I write a lot on these pages about the amazing images that are being created today with the latest camera equipment and software. I share many of those images with you. Even average photos become visual treasures with much of the current equipment available. It’s when you add great equipment and excellent photography, you have a recipe for spectacular pictures. Those of you who know me, know that whenever something “seems” to be working, I will inevitably find the flaws. There is too much “perfection” happening right now. Immaculate perfection if you will. We went through the stage where all the really good photographers, amateur and professional, experimented and found their groove with the new equipment, and now many of them wallow in that groove. They are stuck there. Everything is beginning to look-alike.
I need to regress. I was a stock photographer for many years. I sent in film transparencies (later digital), to editors for consideration. I tried to weed out my sentimental favorites, and create a nice tight submission. Sometimes I failed, but I knew what worked. I understand the desire to share only pictures that everyone will love. Take no risks, feel no pain.
When the internet became “the” means of sharing whatever pictures I wanted, with the entire world, I became a lot less choosy. I would (and will) share a wildlife photo because I think you may want to see the animal, even if my picture is not perfect. I not only share straight forward landscapes and macros. I share the “odd” photos that I made because I wanted to try something different. Since my first website, the viewers of my imagery have been free to enjoy what they like, and discard the rest. I have always preferred treating each picture I made, as an individual exercise. I want people who view my images, to have an interesting journey, with roads that travel in different directions. As equipment levels go up, I am seeing less and less of those different roads. Every picture made and shared, does not have to be edited ruthlessly, and agonized over for a couple of weeks, before it is presented to the world, and it doesn’t have to depend on technical quality alone to be considered a fine photograph.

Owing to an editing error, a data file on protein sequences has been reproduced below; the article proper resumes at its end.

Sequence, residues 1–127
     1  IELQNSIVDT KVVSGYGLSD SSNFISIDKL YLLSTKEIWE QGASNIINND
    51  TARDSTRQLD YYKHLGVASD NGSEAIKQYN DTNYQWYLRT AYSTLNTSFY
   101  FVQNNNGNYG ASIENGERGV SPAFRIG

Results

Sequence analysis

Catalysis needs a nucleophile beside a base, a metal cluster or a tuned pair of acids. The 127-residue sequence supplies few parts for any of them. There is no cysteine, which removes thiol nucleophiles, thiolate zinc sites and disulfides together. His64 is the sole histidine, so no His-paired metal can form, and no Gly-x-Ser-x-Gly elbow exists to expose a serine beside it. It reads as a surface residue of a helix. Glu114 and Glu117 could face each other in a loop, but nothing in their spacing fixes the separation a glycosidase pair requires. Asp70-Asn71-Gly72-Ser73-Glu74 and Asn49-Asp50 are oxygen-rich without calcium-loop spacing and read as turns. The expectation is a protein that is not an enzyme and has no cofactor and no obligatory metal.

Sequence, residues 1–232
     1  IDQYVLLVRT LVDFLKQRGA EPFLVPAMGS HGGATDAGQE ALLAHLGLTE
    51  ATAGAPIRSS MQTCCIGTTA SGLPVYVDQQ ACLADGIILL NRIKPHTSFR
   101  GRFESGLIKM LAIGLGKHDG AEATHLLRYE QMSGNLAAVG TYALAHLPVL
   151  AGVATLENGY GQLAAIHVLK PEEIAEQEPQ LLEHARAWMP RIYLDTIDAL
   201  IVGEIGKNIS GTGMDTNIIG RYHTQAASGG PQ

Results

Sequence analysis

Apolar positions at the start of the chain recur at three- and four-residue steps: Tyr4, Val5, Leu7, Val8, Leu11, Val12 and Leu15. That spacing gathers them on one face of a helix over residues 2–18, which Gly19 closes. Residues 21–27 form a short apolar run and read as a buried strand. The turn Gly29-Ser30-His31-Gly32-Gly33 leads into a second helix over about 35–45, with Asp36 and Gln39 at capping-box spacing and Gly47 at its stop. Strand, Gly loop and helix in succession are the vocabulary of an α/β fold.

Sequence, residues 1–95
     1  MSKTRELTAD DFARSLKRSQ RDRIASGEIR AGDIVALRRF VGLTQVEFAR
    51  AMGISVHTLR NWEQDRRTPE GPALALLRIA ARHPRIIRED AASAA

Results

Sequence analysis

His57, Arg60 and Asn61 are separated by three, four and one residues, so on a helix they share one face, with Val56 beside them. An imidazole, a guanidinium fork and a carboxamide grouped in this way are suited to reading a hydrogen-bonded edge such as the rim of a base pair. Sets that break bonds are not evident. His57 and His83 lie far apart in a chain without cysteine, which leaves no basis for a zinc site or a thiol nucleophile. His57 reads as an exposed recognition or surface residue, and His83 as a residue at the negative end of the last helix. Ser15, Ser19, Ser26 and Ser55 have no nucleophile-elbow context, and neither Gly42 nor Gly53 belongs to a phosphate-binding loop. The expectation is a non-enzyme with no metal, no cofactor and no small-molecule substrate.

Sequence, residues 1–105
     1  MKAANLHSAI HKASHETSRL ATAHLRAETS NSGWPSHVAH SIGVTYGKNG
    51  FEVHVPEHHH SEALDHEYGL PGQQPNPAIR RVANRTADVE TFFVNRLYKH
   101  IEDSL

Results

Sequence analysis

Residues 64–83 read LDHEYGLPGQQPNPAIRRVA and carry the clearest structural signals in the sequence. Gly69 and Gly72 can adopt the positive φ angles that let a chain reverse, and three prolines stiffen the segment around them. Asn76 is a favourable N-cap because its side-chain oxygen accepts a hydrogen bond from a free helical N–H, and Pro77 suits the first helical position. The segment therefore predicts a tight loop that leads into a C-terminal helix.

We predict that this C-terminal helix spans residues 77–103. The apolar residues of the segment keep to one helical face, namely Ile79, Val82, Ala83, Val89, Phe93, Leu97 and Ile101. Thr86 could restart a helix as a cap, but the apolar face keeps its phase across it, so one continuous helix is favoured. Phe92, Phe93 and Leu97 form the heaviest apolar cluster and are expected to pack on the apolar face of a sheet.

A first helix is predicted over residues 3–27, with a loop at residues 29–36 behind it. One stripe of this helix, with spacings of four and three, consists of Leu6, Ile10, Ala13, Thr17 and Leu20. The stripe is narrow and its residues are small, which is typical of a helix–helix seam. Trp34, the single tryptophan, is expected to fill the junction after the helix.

There are of course, those who refuse to drive the same road every day. I often share the work of Guy Tal on these pages. His work would be inspiring with any camera of any era. There is an old friend and shooting buddy of mine, that shares the pictures she made only yesterday, and searches out subjects that nobody else shoots, and continually looks for new ways to look at all subjects. There are a few macro photographers around who look for different ways to interpret the same subject (one of my favorite things in the world), and share them, win, lose or draw. These photographers know that they need the current equipment, to be a top photographer, but they don’t depend on it to make great images. Great photos need great technical quality, but they need vision and imagination even more.
Take care that when you make one step forward with camera equipment, that you don’t take two steps back in photographic vision.
There are about as many ways to look at sunrise/sunset as any photographic subject. The quality of your equipment can matter here, just like with anything you photograph. Just the same, your personal vision matters too. Finding one traditional way to photograph the sunrise/sunset, and letting your cameras and software “wow” future viewers, would be boring to say the least. At times in my career, I showed off my equipment via the images I made, but mostly I made the pictures that fulfilled my vision at the moment that everything “came together”.
All of the images below were made with older cameras with decidedly less quality than the best that are available today.
The image below is a straight forward picture made some time ago. It is abstracted because of the bright rising sun (a series of gasses), my selection of a 500mm lens, and the visual compression of atmosphere produced by that combination.
Sunrise/sunset is a great subject to show off how you see the world. Composition via lens choice, where you make the picture from, and what part of the scene you record as mid-toned, are all a part of the language you can use to translate to the world, what you saw, and how you felt at the moment you tripped the shutter. Don’t be afraid to use this subject to put on display your most unique compositional insights.
Did you know that there are almost 800 posts here at Earth Images? From November 21, 2011 we have The Gift.
Have an inspiring day, Wayne